Fungi: Ascomycota: Sordariomycetes: Xylariales: Xylariaceae: Xylaria polymorpha (Pers.) Grev.
Synonyms: Hypoxylon polymorphum, Sphaeria digitata, Sphaeria polymorpha, Sphaeria spathulata, Xylaria clavata, Xylaria corrugata, Xylaria fastigiata, Xylaria pachystroma, Xylaria rugosa, Xylosphaera polymorpha.
Common name: dead man's fingers.
Extract from Wikipedia article: Xylaria polymorpha, commonly known as dead man's fingers, is a saprobic fungus. It is a common inhabitant of forest and woodland areas, usually growing from the bases of rotting or injured tree stumps and decaying wood. It has also been known to colonize substrates like woody legume pods, petioles, and herbaceous stems. It is characterized by its elongated upright, clavate, or strap-like stromata poking up through the ground, much like fingers. The genus Xylaria contains about 100 species of cosmopolitan fungi. Polymorpha means "many forms". As its name suggests, it has a very variable but often club-shaped fruiting body (stroma) resembling burned wood.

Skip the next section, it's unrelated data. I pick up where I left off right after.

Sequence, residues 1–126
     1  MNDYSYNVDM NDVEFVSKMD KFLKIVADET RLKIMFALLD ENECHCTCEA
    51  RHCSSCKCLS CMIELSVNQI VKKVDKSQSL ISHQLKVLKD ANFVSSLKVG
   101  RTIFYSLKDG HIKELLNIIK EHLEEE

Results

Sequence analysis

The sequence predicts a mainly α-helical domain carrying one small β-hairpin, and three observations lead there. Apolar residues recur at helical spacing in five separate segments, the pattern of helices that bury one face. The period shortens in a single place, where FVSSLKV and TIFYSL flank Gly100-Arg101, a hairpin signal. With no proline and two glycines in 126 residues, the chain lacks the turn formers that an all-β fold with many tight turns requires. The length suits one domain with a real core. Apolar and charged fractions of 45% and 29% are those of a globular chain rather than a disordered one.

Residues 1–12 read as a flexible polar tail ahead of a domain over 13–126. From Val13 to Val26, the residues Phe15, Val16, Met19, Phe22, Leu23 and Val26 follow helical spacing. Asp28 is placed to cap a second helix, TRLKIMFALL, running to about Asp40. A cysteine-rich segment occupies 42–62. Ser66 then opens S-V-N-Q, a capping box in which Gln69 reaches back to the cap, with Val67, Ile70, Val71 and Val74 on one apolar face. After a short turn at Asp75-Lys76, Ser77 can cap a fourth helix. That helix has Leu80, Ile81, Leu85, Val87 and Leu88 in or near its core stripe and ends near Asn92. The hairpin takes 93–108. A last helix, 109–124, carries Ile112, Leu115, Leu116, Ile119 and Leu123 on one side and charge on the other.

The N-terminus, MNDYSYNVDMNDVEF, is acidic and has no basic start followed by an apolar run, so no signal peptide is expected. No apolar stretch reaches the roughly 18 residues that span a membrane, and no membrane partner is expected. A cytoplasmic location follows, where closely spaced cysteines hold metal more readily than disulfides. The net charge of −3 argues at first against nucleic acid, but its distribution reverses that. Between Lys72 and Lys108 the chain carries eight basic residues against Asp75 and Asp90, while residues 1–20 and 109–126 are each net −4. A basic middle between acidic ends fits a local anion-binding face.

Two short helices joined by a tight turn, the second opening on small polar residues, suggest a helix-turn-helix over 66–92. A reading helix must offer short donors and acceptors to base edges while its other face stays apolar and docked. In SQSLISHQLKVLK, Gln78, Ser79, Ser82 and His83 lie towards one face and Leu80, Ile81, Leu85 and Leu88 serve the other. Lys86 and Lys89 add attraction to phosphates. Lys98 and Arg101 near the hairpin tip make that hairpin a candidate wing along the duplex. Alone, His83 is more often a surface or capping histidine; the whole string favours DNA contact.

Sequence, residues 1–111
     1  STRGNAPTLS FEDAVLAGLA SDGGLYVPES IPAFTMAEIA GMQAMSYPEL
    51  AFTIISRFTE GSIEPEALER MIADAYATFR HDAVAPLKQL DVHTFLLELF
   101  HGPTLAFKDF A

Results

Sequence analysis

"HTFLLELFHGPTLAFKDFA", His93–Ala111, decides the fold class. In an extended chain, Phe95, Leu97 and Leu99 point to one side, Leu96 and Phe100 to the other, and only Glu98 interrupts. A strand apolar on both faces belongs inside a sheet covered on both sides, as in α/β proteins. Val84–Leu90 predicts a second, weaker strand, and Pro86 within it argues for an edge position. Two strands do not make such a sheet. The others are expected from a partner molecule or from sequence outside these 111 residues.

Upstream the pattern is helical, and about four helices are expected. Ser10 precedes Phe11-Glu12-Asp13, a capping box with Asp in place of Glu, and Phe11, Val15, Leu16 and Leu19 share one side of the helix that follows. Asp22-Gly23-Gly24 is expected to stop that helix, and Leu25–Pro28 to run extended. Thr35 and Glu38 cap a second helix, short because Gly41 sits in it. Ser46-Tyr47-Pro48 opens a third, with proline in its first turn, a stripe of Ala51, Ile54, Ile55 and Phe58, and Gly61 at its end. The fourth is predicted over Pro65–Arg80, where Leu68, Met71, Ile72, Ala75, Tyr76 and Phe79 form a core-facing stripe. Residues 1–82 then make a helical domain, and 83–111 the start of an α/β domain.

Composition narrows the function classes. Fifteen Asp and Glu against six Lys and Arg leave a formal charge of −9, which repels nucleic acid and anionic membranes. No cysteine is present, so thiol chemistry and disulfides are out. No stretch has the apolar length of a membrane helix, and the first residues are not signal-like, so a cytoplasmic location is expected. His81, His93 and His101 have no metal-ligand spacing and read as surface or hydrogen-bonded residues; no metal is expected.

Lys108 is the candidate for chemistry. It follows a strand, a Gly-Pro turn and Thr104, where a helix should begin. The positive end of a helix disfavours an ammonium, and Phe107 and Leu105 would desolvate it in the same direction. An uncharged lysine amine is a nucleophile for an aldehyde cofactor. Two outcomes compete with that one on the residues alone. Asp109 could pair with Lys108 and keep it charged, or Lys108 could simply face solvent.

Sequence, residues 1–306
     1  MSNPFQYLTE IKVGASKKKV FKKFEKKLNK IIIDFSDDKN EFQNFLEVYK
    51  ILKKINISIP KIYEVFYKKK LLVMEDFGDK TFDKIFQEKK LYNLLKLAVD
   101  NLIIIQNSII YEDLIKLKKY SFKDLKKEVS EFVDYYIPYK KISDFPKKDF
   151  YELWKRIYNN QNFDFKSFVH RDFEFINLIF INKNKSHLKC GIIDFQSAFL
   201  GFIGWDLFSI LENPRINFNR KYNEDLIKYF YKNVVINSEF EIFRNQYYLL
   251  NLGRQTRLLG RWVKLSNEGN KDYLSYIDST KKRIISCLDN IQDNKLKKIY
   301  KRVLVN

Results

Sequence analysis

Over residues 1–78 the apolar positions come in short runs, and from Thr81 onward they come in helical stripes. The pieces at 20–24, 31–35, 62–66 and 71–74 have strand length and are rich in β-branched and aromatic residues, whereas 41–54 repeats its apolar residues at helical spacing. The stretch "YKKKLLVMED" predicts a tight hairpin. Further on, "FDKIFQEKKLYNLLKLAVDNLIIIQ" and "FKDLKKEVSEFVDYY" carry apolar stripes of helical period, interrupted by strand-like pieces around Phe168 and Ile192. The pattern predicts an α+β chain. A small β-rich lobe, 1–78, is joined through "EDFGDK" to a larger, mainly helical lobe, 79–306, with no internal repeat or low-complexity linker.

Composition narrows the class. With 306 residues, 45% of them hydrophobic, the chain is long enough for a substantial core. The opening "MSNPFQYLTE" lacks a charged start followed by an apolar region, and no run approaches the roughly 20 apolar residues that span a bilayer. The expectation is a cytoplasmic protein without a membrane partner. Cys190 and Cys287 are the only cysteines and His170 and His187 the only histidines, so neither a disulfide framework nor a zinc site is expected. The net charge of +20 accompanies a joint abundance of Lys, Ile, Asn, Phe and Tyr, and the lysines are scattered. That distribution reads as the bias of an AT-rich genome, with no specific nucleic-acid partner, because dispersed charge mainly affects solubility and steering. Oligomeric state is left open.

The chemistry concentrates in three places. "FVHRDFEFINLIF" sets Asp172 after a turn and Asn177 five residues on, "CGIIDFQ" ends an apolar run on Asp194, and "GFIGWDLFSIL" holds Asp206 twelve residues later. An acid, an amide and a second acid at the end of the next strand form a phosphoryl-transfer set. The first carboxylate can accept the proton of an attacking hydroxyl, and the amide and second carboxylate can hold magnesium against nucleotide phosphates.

Arabic: فطر أصابع الرجل الميت, Croatian: Mrtvačevi prsti, Dutch: Houtknotszwam, Estonian: Kobarsüsik, Finnish: Nuijasarvisieni, French: Xylaire polymorphe, German: Vielgestaltige Holzkeule, Hungarian: Bunkós agancsgomba, Lithuanian: Kislusis elniagrybis, Persian: انگشتان مرده, Polish: Próchnilec maczugowaty, Romanian: Degetele mortului, Serbian: Мртвачки прсти, Swedish: Tjockhorn.
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